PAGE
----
Alan Weissberger Wireless

New apps and smart phones to drive demand for 4G mobile networks

We now believe that smart phones and "all-in-one" gadgets will drive the need for more bandwidth and QOS and accelerate mobile network movement to 3.5G (EVDO, HSPA, mobile WiMAX, etc) and 4G (LTE and Advanced WiMAX- IEEE 802.16m).

UK research firm Mobile Squared reports that Apple to hit 1 billion app downloads on April 23rd!  Please see:

They observe that the number of downloads from App Stores is growing exponentially: Apple is now experiencing average daily downloads of 5.1 million apps and requires another 38 million apps to reach 1 billion. At this download rate, the billion mark will be surpassed in a few days. At the start of December Apple announced that it has passed the 200 million download mark. And this was promptly followed by a similar announcement of 500 million downloads by January 19th.

We would expect to see the same growth from other smart phone and "all-in-one" gadget makers (e.g. RIM, Palm, Nokia, etc) who have started their own on-line app stores.

Many of the new apps will require massive amounts of bandwidth, e.g. video sharing, multi-media conferencing, interactive games, Video on Demand, real time broadcast video, Location Based Services, etc. The amount of bandwidth and real time, rich media content demanded by smart phone users will necessitate the need for new mobile networks with higher bandwidth and QOS.

And it appears that more powerful iPhones are just around the corner.  The San Jose Mercury reports: Speculation grows over new Apple products

"Kaufman Bros. analyst Shaw Wu, in a recent note to investors, wrote that Apple could be ready to release a new iPhone packed with a powerful application processor to run more complex software. And Wu anticipates improvements to the device’s battery, which does not last much more than a day during heavy use."

and here is more proof:

Apple’s App Store: a rapidly growing marketplace


The big problem for network operators is that bandwidth and need for QOS is exploding, while revenues are increasing at a much slower rate. Hence, revenue producing services must be developed and come to market quickly for operators to get a decent ROI on their investments in next generation mobile broadband networks.

Smart phones and all in one gadgets will likely dominate the 4G mobile hand held market (that does not include netbooks and tablet PCs). We see little room for MIDs that do not have voice, conferencing or LBS capability.  The functions envisioned for MIDs will likely be built into smart phones and multi-purpose gadgets (e.g. web based cameras).

Perhaps, the notebook and netbook PC user will be content with nomadic/ portable Internet access and related services (either from WiFi hot spots or WiMAX with USB dongles). The exception is Internet access in high speed trains, e.g. in Japan and Taiwan. In those cases, mobile WiMAX networks are being planned for notebook and netbook users.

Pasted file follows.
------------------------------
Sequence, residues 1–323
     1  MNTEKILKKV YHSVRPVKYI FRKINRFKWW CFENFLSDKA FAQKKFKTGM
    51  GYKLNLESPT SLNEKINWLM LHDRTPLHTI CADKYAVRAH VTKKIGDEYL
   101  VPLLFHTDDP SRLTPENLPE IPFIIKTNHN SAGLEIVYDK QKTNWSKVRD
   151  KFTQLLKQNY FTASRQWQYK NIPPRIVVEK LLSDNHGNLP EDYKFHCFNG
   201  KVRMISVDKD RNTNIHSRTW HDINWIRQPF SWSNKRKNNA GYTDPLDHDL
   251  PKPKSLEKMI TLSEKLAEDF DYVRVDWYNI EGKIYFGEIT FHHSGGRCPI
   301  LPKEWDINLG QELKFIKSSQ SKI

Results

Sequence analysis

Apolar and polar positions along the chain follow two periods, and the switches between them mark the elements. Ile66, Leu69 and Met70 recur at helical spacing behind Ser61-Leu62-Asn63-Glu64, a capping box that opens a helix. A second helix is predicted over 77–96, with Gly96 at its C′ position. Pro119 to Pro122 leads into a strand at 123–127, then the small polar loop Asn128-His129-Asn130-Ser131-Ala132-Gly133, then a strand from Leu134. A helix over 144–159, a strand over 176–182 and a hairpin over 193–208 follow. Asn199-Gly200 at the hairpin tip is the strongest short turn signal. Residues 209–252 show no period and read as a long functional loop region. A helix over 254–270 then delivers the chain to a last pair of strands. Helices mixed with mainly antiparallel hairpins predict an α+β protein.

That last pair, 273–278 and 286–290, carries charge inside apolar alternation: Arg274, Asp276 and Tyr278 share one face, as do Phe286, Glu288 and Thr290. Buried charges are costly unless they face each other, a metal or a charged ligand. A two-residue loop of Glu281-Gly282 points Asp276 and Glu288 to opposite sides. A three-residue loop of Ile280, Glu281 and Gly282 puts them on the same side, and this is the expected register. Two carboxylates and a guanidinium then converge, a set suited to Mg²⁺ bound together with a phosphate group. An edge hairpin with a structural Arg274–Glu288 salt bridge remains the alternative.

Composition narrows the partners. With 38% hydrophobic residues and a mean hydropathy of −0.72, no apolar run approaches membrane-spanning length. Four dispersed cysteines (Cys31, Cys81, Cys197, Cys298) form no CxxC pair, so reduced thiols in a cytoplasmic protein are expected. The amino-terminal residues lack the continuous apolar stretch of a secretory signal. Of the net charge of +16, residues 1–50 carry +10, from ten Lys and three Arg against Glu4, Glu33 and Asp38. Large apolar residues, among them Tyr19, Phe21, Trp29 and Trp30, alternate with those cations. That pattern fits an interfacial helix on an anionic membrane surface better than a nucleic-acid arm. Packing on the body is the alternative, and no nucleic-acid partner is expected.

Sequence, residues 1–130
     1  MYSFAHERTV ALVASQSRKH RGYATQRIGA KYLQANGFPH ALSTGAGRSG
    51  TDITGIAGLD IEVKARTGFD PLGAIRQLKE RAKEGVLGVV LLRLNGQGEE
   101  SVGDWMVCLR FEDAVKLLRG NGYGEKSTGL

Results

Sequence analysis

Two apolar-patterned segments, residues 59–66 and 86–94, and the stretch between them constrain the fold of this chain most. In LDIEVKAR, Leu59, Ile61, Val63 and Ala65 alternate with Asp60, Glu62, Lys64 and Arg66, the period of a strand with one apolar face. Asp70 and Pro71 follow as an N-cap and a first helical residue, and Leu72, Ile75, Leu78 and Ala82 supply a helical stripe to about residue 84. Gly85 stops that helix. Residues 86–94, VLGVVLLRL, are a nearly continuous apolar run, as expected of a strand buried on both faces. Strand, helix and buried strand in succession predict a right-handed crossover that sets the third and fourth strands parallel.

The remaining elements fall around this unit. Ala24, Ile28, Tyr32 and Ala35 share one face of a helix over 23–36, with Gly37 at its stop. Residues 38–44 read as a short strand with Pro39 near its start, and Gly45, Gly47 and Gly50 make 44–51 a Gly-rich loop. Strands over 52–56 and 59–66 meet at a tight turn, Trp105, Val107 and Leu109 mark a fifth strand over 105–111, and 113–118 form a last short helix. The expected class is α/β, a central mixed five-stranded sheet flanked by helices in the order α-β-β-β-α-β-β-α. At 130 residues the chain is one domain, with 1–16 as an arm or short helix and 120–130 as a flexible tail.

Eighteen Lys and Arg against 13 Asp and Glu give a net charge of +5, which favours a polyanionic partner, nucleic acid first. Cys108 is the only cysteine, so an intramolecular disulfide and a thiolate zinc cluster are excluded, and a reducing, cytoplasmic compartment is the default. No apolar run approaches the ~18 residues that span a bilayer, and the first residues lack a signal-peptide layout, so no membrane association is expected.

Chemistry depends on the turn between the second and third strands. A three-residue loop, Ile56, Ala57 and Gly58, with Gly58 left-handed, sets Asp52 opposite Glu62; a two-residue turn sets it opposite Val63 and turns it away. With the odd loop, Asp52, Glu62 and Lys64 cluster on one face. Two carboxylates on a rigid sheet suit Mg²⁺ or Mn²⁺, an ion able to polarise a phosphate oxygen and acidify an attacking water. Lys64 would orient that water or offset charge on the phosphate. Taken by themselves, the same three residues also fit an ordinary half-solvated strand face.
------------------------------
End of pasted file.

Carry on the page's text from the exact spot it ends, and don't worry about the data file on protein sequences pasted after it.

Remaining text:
Author Alan Weissberger

By Alan Weissberger

Alan Weissberger is a renowned researcher in the telecommunications field. Having consulted for telcos, equipment manufacturers, semiconductor companies, large end users, venture capitalists and market research firms, we are fortunate to have his critical eye examining new technologies.

5 replies on “New apps and smart phones to drive demand for 4G mobile networks”

Here is corroboration of the main message of this article:

CTIA keynote: 4G needed to avoid wireless network overload

The surge in popularity of mobile applications and smartphones is resulting in significantly greater data consumption, which could soon push existing wireless networks to their limit.

From 2005 to 2012, mobile traffic will have increased a thousand-fold, according to a keynote address at the CTIA Wireless 2009: Mobile Life conference. A Cisco white paper predicted that usage on wireless networks would double every year for the next several years, potentially multiplying 66 times between 2008 and 2013.

WiMAX vs LTE: Lower WiMAX device cost should give it an advantage over LTE. Here is a quote from an Instat analyst: “An integral part of the WiMAX strategy has been to keep the intellectual property licensing costs low for devices. This keeps the overall cost of WiMAX-enabled devices low, which encourages vendors to add WiMAX capability to their devices. When prices are low, that reduces the risk factor for consumers and encourages them to try it. In Baltimore, users can get a WiMAX USB modem for $59.99 without signing a service contract. A similar 4G modem on Verizon Wireless, using LTE, would cost $239.99 without a service contract.

With this strategy the WiMAX device roadmap will look like the Wi-Fi roadmap: WiMAX-enabled laptops and data devices will come first, followed by consumer electronics. Where Wi-Fi is today, WiMAX should be in the future.”

Pyramid Research says Mobile Broadband Will Trigger Fixed/Mobile Convergence

Mobile broadband services will trigger fixed/mobile convergence as it becomes increasingly necessary to remain competitive in emerging markets, according to the latest report from Pyramid Research (, the telecom research arm of the Light Reading Communications Network (